The Dust and Sheen of South African Hip Hop

Posted October 22nd, 2014 at 9:47 am (UTC-5)
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IMG_8603When I first heard the current hit South African song “Caracara” I knew I wanted to meet this crew. If there’s a winning recipe for feeling good, at least for 3:52 seconds, “Caracara” is it. The lazy, urban tempo, the sexy flow, and simple catchy hook is infectious.

One listen drove me straight to Youtube searching for the video. Ishkanda artist K.O and his crew, Cashtime Tsosti for Life, did not disappoint. ”Caracara” is the local name for the Volkswagen minibus theme in the video and symbolic of good ghetto party time with beautiful women.

I went to Johannesburg and met up with the K.O, Kid X and the rest of the crew on October 2nd and we’ll meet them in a moment. But first, check out the video now if you haven’t seen it yet.

Caracara was shot in Soweto, the nation’s largest black urban township in Johannesburg and famously trendsetting place for politics, fashion, language, and music and dance.

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So when I arrived in Johannesburg I’d already made arrangements with CashtimeLife’s CEO, Thabiso Khati, to meet with the whole crew.

We arrived thirty minutes late, due to an over-casual local fixer, but the crew were courteously waiting for me in a conference room of a high-end business campus; So much for the stereotypeIMG_8601

of the irresponsible and undisciplined musician.  After brief introductions and an awkward gift-giving moment (when I presented them VOA tee- shirts that didn’t exactly excite their dust-and-sheen stylistic sensibilities) we went outside for a quick photo/video shoot.

We settled by the pond and here in order of appearance I present DJ Vigilante, Ma-E aka Easy Does It, Kid X, Maggz, K.O aka Mr. Cashtime.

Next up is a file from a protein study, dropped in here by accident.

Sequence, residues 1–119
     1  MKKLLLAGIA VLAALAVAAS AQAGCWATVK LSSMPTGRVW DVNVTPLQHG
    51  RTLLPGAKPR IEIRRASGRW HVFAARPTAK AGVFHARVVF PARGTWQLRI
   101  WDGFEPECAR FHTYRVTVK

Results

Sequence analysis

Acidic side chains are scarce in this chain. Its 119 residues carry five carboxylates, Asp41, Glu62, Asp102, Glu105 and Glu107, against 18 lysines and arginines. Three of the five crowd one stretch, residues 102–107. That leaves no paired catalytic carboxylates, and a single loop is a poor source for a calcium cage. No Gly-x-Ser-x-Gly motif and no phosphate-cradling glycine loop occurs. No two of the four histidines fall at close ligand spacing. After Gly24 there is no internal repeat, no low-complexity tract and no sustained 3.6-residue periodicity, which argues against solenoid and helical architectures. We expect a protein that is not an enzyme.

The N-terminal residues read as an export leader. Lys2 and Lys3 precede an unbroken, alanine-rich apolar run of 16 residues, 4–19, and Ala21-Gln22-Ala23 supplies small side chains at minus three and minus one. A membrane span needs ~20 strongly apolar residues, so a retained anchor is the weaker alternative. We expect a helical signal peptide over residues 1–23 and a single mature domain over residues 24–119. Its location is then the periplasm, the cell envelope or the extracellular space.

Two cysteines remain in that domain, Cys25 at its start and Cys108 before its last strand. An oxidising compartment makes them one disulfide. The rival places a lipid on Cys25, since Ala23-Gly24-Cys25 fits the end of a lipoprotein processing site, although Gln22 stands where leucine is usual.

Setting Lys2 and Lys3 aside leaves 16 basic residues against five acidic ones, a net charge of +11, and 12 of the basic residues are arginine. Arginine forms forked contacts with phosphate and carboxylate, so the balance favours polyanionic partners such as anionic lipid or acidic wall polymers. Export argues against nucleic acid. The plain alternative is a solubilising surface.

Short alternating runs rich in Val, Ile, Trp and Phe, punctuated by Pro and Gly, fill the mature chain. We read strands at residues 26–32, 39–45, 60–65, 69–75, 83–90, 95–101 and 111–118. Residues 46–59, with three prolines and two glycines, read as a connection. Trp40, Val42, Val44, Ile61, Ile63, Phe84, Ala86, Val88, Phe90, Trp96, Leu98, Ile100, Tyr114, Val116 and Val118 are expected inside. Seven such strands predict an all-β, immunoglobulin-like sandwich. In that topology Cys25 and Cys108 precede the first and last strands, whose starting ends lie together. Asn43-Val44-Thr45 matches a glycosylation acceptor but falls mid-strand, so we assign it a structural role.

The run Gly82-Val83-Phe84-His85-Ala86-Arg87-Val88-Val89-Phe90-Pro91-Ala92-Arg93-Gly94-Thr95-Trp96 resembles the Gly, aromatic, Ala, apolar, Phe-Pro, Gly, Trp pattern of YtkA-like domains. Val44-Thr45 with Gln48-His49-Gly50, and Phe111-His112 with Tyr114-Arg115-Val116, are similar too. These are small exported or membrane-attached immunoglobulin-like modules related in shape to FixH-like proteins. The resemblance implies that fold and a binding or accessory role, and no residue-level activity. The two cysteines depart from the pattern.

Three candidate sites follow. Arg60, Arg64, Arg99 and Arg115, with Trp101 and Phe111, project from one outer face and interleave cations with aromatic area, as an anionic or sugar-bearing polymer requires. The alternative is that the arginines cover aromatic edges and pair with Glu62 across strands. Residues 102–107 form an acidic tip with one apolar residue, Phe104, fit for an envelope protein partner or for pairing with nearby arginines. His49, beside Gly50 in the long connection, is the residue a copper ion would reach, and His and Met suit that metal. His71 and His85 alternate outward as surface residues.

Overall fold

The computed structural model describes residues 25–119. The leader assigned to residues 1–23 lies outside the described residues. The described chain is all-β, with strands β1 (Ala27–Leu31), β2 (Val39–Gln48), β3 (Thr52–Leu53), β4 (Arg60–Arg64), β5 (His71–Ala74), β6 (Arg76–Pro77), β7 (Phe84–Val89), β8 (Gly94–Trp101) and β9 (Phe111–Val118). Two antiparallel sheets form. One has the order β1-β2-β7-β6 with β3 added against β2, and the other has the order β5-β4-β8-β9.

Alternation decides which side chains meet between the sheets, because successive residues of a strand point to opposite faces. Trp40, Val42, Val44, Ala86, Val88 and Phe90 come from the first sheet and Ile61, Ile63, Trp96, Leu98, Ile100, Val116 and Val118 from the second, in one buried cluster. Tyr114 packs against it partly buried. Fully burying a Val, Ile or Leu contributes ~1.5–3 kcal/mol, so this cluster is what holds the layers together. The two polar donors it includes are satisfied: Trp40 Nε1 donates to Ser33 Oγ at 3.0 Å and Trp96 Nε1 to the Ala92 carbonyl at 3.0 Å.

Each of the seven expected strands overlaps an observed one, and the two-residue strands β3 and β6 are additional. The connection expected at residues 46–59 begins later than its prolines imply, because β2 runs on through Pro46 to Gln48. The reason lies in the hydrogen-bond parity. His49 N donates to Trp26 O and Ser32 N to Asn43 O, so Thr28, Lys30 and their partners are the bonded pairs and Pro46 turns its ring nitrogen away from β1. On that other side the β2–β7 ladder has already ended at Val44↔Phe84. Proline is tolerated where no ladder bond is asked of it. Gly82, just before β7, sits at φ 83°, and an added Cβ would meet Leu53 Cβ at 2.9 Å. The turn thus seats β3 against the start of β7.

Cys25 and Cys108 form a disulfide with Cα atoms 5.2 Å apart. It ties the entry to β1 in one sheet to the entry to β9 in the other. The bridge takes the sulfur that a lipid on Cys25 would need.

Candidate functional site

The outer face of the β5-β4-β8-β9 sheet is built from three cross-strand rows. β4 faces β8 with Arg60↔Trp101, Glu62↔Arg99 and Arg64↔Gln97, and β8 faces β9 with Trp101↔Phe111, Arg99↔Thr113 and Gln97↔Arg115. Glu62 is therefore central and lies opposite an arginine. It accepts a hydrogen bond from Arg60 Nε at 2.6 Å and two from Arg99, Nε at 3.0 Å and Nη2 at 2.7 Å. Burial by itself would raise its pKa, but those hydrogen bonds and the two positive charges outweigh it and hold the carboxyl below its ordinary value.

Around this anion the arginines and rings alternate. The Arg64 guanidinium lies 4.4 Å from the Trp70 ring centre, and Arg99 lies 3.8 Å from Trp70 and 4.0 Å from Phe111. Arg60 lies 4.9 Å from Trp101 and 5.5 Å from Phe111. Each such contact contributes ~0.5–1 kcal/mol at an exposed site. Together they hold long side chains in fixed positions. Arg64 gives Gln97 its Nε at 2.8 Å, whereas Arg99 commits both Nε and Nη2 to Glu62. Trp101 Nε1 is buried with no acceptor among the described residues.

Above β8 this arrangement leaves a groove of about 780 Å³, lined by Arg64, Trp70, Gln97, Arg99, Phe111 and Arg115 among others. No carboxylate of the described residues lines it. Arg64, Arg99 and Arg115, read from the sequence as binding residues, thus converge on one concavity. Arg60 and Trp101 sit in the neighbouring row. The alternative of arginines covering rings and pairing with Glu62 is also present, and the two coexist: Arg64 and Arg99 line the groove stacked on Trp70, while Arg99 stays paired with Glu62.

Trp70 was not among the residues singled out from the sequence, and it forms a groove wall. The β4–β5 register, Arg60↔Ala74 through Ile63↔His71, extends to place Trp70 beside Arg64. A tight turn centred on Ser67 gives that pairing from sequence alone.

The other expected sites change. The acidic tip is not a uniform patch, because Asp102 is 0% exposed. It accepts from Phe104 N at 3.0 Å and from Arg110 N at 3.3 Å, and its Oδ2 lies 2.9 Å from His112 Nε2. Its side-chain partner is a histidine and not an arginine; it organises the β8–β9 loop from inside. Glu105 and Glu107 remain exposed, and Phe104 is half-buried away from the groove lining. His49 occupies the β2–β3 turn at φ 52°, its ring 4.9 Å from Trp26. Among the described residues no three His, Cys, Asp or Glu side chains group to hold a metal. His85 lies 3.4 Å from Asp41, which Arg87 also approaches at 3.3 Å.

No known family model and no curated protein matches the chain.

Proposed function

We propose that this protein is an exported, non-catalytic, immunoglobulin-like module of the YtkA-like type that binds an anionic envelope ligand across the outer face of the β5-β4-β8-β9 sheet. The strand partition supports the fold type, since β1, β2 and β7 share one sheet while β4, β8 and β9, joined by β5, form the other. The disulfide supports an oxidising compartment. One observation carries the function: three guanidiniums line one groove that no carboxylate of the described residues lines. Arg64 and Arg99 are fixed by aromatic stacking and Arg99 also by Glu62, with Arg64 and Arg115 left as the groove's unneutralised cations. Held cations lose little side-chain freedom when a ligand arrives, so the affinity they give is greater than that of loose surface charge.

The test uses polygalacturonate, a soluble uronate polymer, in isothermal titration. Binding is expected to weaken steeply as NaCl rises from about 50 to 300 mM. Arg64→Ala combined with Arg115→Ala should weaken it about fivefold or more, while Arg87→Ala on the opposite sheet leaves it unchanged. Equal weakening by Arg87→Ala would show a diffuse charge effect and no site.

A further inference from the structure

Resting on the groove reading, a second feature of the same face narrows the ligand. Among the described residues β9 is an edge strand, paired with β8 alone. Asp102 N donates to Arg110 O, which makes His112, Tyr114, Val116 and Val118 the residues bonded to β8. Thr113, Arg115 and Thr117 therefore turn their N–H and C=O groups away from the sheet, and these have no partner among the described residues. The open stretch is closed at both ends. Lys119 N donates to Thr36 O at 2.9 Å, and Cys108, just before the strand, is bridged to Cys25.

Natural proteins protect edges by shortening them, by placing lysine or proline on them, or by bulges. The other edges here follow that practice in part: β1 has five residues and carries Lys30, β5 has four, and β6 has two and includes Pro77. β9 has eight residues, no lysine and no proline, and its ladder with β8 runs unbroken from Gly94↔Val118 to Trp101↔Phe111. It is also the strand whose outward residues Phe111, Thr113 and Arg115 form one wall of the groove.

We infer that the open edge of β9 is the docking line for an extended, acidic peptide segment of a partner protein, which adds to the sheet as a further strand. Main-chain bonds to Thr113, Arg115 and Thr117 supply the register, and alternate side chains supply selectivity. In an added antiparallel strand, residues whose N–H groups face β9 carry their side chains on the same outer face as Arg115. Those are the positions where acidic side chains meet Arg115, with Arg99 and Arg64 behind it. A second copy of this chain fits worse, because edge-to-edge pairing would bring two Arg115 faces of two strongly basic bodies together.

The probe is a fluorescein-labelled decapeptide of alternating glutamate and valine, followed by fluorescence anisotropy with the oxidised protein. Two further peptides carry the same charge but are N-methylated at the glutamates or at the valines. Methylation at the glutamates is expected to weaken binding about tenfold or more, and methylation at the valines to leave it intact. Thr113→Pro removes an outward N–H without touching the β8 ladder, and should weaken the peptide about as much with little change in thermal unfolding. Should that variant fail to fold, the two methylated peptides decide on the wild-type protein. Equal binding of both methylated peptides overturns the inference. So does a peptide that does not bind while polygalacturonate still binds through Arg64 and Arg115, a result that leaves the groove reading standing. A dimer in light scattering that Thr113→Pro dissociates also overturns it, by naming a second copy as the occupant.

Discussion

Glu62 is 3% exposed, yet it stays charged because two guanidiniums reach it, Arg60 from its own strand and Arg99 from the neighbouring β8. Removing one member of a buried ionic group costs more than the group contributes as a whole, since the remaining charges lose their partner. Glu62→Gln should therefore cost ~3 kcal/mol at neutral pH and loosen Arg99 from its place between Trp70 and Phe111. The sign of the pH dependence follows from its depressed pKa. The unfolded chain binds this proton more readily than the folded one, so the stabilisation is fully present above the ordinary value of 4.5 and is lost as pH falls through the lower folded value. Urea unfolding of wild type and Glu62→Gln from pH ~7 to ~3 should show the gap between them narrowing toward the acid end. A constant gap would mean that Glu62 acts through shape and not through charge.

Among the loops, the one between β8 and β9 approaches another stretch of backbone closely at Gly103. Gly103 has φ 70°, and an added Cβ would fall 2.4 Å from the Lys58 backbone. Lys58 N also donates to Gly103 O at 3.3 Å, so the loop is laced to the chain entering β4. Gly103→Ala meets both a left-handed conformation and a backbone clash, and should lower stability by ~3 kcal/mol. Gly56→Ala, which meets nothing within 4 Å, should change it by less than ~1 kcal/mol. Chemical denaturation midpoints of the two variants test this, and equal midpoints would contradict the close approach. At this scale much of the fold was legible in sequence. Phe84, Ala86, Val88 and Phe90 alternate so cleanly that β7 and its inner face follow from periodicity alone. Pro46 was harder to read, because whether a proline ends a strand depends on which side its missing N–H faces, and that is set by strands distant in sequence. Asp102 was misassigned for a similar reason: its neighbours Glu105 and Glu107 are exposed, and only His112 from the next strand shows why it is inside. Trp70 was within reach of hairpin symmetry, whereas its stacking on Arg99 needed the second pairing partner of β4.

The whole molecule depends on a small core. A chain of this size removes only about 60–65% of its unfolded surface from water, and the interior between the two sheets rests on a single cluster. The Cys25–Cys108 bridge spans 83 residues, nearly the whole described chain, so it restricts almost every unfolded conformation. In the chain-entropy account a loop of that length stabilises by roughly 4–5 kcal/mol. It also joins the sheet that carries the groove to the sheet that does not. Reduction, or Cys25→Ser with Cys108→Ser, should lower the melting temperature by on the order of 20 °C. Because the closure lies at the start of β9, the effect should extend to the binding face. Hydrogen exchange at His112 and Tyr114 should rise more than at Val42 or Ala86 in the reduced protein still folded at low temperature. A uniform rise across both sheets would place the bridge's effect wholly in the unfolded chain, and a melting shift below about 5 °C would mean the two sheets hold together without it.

The CEO of CashtimeLife Thabiso Khati runs the company of artists as individual business units. Each artist, including one female who unfortunately could not make today’s interview, approaches his and her own art as a business. Thabiso encourages them to take ownership of their own units and equips them with their own team of booking managers, marketers, and marketing strategists to bring out the best the unique talents of each artist.

casthime feetCashtimeLife is only one year old, but two of its core members, MaE and KO, came over from an older crew called Cashtime Entertainment that has won several awards including a nomination for Best Group at the 2010 MTV Africa Awards. They are young but not newcomers. Furthermore, says Khati, most of the members have university degrees so he feels like they can’t go wrong. They don’t think that it’s cool to drop out of school. Instead, they are banking on their education to be the tool that turns their music into money. “We’ve got to monetize and capitalize,” says Khati. “We understand where the world is going so we’re playing in technology. We’ve launched our own digital platform where you can buy music. We actually aggregate content for other labels as well…We have merchandise…” Thabiso

Khati considers the longevity of an artist’s career. “It’s cool to be an artist but there comes a time when you just want to do one or two shows a year. You don’t want to be out on the road. Maybe guys settle, they’ve got families. But you also want to make sure that they settle into a day job that’s still within what they love and that they have ownership of that… the only pension is to create opportunities for guys to keep earning when they stop making music.

One big question I had for Khati was about the style of Hip Hop they call Skhanda. He defined it very nicely. “You take dust, you take sheen, you put them together and that’s bling.” Khati continued to explain Skhanda in historical context. “South Africa is split in two. The sections that aspire to be first world and you got third-world elements which are in the majority.

“We come from the third world elements. We come from the townships.”

He goes on to explain that growing up in the townships, they would acquire hand-me-downs and make the best of them by turning them into creative styles. But since 1994, more and more young people are growing up in an expanding suburban, black middle class who are Hip Hop’s number one consumers. They live in what we call the sheen. We come from the dust. So now, we take certain elements from where we come from… you see guys in Jordans, in gold chains…” I interrupted him to get one of the crew to demonstrate: